BRIEF DESCRIPTION OF THE DRAWINGS

FIG. 1 is a perspective view of the electrical toggle switch constructed in accordance with the present invention;

FIG. 2 is an enlarged, exploded view, of the principal moving elements of the present invention, as shown in FIG. 1;

FIG. 3 is a front elevational view of the switch of FIG. 1, showing the switch lever in one of its stable bowed position;

FIG. 4 is a front elevational view of the switch of FIG. 1, showing the switch lever in its unstable range of positions;

FIG. 5 is similar to the previous illustrations, but showing the switch lever in its other stable bowed position;

FIG. 6 is a perspective view of another embodiment of the present invention wherein the manipulatable portion of the switch lever is in the form of a paddle;

FIG. 7 is an enlarged, exploded view, of the principal moving elements of the invention shown in FIG. 6; and

FIG. 8 is a front elevational view of the switch shown in FIG. 6, showing the paddle switch lever in its unstable configuration.

DESCRIPTION OF THE PREFERRED EMBODIMENT

Referring now to the drawings and more particularly to FIGS. 1-5, there is shown an electrical toggle switch 11 including a switch housing 13 of any conventional and preferably non-electrical conducting material, such as for example a plastic material. In this embodiment, the invention includes a rocker-type actuator member 15, the upper portion of which has two rocker lobes 17 and a pivot 19 located generally therebetween, the pivot 19 being journaled in appropriately positioned holes 21 in opposite side walls 23 of the housing 13.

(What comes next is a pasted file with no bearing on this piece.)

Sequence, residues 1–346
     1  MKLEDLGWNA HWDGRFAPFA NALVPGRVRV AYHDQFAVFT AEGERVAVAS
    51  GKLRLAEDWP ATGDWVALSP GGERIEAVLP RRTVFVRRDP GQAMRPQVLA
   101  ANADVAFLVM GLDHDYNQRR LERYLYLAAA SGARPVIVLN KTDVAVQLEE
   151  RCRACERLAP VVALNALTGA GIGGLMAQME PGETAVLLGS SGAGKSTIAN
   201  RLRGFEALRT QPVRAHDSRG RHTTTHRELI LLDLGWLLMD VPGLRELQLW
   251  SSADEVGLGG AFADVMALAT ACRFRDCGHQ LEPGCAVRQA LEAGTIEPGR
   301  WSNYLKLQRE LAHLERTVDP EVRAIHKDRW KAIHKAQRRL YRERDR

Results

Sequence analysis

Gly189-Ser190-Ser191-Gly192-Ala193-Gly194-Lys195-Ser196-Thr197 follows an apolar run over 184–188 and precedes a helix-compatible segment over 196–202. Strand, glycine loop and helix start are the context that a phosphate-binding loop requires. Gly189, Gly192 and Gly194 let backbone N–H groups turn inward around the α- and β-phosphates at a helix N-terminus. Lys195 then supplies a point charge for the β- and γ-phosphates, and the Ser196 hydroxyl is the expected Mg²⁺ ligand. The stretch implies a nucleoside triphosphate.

This embodiment provides a mounting flange portion 25 extending from an upper edge of the housing 13 and also provides cooperating flexible tab members 27 extending from the bottom of housing end walls 29 toward the flange portion 25. The switch 11 may thus easily be mounted in a rectangular panel opening (not shown) that is dimensioned slightly less than the dimensions of the flange portion, 25 by inserting the bottom of the housing through the opening causing the tab members 27 to bend toward the housing until the flange portion 25 is adjacent the panel and the panel is just beyond the ends of the tab members. This allows the latter members to return to their normal configuration behind the panel to thereby hold the switch housing in this position.

For the sake of clarity, the housing 13 is not shown in detail in FIGS. 2-5, but is generally represented in FIGS. 3-5 by dashed lines 13'. A plurality of spaced electrical contacts 31, 33, 35 are mounted in a bottom wall 36 of the housing 13 and extend below the bottom wall where electrical connection to external wiring (not shown) may be made in any conventional manner.

As most clearly seen in FIGS. 3-5, the center contact 33 is generally in vertical alignment with the pivot 19, and the actuator member 15 also includes a stem portion 37 which terminates at its interior or bottom extremity at a stem flange portion 39.

The stem flange portion 39 includes a notch 41 which registers with the upper end 43 of the center contacts 33. Disposed between and in contact with both the stem flange portion 39 and the upper end 43 of the contact 33 is an electrical contact plate 45 that includes side notches 47 so that the plate 45 will register within a notch 49 in the center contact upper end 43.